In Belfast theatres this message from Sir Basil Brooke was flashed up on the screens - "The invasion of Europe has begun. God speed to our fighting forces and our Allies. May the victory be swift, complete, and glorious"

The cinema listings in the Irish News, on the 6th June 1944, reveal what was playing as D-Day began:-

The Imperial was showing Dixie with Bing Crosby and Dorothy Lamour, The Capitol ran with Algiers starring Charles Boyer and Hedy Larmarr, while at the Curzon The Bells of Capistrano featured Gene Autry and Smiley Burnette.

Perhaps the most telling film title was showing at the Picture House - Flight to Freedom, starring Fred MacMurray, Rosalino Russell and Herbert Marshall.

For more news items on the Normandy landings log on to the BBC News online site which also celebrates 60 years of D-Day.

What do you remember about that day in June 1944 ? Where were you and what were your immediate thoughts? Perhaps you were already on one of the ships bound for the beaches of Normandy yourself?

Send us your comments below.



James White - Aug '06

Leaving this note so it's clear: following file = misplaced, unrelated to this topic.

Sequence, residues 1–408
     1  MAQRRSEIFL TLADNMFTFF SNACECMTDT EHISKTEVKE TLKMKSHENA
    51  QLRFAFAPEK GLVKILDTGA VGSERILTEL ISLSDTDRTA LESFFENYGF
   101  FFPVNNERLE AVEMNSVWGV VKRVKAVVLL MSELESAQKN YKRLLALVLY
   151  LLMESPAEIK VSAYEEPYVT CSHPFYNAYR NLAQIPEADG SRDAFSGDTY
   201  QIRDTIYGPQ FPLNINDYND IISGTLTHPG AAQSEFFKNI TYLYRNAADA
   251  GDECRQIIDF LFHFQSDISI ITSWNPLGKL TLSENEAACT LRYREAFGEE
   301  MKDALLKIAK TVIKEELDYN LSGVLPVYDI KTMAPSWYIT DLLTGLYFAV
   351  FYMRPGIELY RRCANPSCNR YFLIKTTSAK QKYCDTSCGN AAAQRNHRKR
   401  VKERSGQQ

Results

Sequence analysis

Brilliant true story on "Paddy The Pigeon," many of these birds saved so many lives and the public really don't know or younger generation maybe don't want to know , but if it weren't for these gallant birds, a lot wouldn't be here today, would really appreciate if you could send me the full story on the great "paddy".

Gerard Kirwan - Jan '06
Paddy the putman racing pigeon was a great pigeon to have done this. Is there any more putman racing pigeons around? Ireland or Birmingham uk long distance racing pigeons?


Use the form below to post comments on this article
Your Comments
Your Name (required)
Your Email (optional)

About the BBC | Help | Terms of Use | Privacy & Cookies Policy